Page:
City Fabrick’s Brian Ulaszewski addressing guests at Park[d] Plaza’s grand opening. Photo by Greggory Moore.
It’s not an original or even a startlingly creative concept. But that’s part of the point. Long Beach has a new public plaza—and can have many more—because a few people said, “Why don’t we do that here?”
One of those people was Brian Ulaszewski, founder of nonprofit design studio City Fabrick (and a writer on urban planning for the Post), who partnered with the City of Long Beach and others to develop Park[d] Plaza, a 2,250-square-foot public space overlain onto part of a parking lot in the East Village Arts District.
The genesis of Park[d] Plaza began with Park[ing] Day, an annual San Francisco-started event that intends to “shed light on how much space is used to park cars and how little is being used for people.” Long Beach has picked up the tradition, and last year City Fabrick did a Park[ing] Day installation that worked so well that the nonprofit design studio looked into doing something more permanent. A few community partnerships, $6,000, and 30 gallons of yellow paint later, and what once was a run-of-the-mill parking lot across the street from the Fingerprints/Berlin building is now a plaza with chairs and umbrellas.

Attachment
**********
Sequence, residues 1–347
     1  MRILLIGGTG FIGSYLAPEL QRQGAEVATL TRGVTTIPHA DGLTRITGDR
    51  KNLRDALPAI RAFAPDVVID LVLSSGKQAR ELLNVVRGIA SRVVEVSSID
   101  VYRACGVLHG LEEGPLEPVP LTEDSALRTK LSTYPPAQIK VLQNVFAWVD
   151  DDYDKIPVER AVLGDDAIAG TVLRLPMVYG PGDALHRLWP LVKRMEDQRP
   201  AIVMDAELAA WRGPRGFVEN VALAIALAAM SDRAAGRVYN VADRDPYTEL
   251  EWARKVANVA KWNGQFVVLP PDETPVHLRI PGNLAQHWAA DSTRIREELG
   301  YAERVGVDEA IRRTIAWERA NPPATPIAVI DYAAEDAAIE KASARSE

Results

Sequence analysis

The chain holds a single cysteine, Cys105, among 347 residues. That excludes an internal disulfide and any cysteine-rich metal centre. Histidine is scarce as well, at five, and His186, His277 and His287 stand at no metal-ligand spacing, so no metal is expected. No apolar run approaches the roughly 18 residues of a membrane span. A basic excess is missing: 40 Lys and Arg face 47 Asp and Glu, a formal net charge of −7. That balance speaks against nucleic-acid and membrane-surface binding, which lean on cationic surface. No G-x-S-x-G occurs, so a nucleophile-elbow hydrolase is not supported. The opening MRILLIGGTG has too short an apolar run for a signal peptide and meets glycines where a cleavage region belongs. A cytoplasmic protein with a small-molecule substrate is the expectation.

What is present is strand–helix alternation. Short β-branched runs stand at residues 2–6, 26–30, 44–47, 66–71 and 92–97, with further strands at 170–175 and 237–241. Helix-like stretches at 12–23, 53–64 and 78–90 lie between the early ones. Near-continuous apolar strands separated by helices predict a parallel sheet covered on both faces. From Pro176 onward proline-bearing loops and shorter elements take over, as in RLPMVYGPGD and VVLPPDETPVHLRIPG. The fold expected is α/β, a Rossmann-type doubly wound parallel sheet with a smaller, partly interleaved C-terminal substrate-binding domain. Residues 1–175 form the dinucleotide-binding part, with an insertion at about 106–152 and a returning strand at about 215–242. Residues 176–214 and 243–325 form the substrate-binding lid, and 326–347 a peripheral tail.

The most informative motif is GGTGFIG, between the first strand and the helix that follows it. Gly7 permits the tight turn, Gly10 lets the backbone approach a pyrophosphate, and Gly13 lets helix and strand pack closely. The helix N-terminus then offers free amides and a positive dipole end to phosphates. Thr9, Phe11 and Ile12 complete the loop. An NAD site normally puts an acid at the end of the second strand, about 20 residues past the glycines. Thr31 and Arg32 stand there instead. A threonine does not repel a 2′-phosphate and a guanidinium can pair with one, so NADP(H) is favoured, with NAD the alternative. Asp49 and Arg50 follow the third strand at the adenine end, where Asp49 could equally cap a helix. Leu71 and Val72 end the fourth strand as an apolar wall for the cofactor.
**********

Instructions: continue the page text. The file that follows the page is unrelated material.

And just to show what happens when space is maximally utilized, that same parking lot now has one more space than it had previously.
“This is really not that hard to do,” Ulaszewski says. “We want the community to see the opportunities in their respective neighborhoods so they can do similar things. […] This is meant be something anyone the in community can do.”
A food truck was present Monday’s grand opening, and the plan is to have a food truck on site each afternoon. (Check City Fabrick’s Facebook page for updates.) Additionally, Ulaszewski envisions the possibility of additional possibilities for further activating the plaza, from event programming to installing a shipping container to house a pop-up shop or art gallery.
Vice-mayor Robert Garcia calls Park[d] Plaza “a great example of urbanism at its best” and promises more such transformations on the way.
“I’ve asked Brian to start looking around for more of these opportunities,” Garcia says. “So we’re going to have more. People are going to come by and see this and say, ‘Why shouldn’t we do this in other places?'”
Park[d] Plaza is located on 4th Street between Elm and Linden Avenues.
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